April 14, 2014 12:00 PM


Rockwall, Texas

For most of his young life, family occasions had been lonely ones for the boy once named Seth. A foster child who bounced in and out of temporary homes before aging out of the system, he spent many a holiday in his room, left out by the “real family” and wishing for things other kids take for granted: a pencil sharpener, a new pair of shoes, a hug. “Families were for other people,” he recalls thinking. “I had a lot of tears.” But six months ago everything changed when Ara and Robert Hunt welcomed the young man, now 19, into their hearts and home—and, amazingly, reunited him with Shyann, 12, the biological sister he never knew. Now he has a new life, and in a few months, when his adoption as an adult is complete, a new name: Logan Hunt. “Finding Logan,” says Robert, “was meant to be.”

For the Hunts, building their family has gone hand in hand with helping kids in need. They met at a party 17 years ago: Ara had a son from a prior relationship; Robert was divorced with three kids of his own. After marrying, they decided to become foster parents, taking in more than 30 children over the years and ultimately adopting three. The first was Shyann, a dark-eyed infant removed from her troubled biological mother when she was just days old. “It was love at first sight,” says Ara, 42. As they raised her, the Hunts had no idea Shyann’s biological brother Seth was struggling after being removed from an adoptive home full of problems. Aging out on his 18th birthday, he tried to make it on his own, working at a fast-food restaurant and laying tiles. But he ended up sleeping in his car while attending high school. “He called me to say he was homeless,” recalls Virginia Barrett, his court-appointed special advocate. “He was such a sweet boy, and I was the only adult who had been with him since childhood.” After finding him a temporary apartment, Barrett looked into his case files, discovered Shyann and contacted the Hunts. They weren’t receptive. “When it comes to my family, I’m very protective,” says Robert, 56, a business owner. “We didn’t know what this young man wanted.”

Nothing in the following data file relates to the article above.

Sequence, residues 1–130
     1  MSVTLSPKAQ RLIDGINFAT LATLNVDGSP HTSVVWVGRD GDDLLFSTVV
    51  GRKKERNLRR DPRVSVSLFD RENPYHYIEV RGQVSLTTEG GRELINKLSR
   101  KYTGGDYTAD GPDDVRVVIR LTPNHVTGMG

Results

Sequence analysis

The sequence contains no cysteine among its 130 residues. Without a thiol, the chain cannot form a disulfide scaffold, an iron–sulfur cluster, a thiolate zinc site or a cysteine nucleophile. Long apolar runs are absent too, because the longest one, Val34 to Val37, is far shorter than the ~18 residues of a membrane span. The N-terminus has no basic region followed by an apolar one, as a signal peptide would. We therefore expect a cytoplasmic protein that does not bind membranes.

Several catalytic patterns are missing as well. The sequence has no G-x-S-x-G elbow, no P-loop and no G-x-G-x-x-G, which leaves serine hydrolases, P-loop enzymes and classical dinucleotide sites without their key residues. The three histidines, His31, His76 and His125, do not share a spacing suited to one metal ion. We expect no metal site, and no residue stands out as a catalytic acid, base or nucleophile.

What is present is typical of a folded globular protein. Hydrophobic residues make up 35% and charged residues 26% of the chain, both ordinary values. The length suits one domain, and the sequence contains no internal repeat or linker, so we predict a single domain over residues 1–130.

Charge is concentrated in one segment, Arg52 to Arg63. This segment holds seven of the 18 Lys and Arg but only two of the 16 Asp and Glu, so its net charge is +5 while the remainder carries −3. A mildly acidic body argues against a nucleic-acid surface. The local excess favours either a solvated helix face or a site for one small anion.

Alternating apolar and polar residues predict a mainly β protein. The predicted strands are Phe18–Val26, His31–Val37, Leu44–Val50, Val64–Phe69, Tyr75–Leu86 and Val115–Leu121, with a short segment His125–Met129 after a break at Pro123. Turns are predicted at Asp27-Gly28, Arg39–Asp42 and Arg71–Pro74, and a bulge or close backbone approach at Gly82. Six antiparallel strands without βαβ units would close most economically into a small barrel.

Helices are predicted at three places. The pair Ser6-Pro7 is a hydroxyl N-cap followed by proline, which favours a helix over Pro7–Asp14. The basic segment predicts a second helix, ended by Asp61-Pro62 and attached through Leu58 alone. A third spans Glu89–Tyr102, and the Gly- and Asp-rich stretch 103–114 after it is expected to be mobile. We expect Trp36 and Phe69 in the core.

Then, two months later, Robert saw a TV news segment on a former foster teen who had been living out of his car; it was Seth. “I was just knocked down,” Robert says. “I saw good character in him. All he wanted was a family.” The Hunts started to text with the young man and invited him to stay with them while he was recuperating from an accident. “He walked in the door,” Robert says, “and he was one of us.” His arrival was especially poignant for Shyann, a shy sixth grader who loves to paint her nails and read. “I just hugged him and held him,” she says. “I cried. It was God’s time to bring him home.” Says Logan: “She looked so much like me. I had this instant connection.”

Now Logan is getting used to being included. Ara and Robert had to coax him out of his room at Christmas to join in the family’s – his family’s – celebration. He got his first pencil sharpener along with new sneakers and cowboy boots. He can’t wait to see his new name on his high school diploma when he graduates in June. “Mom,” he says of Ara, “has a loving way about her. Dad is the way a dad is supposed to be. I feel wanted. I feel loved. I am Logan Hunt. The name makes me proud.”


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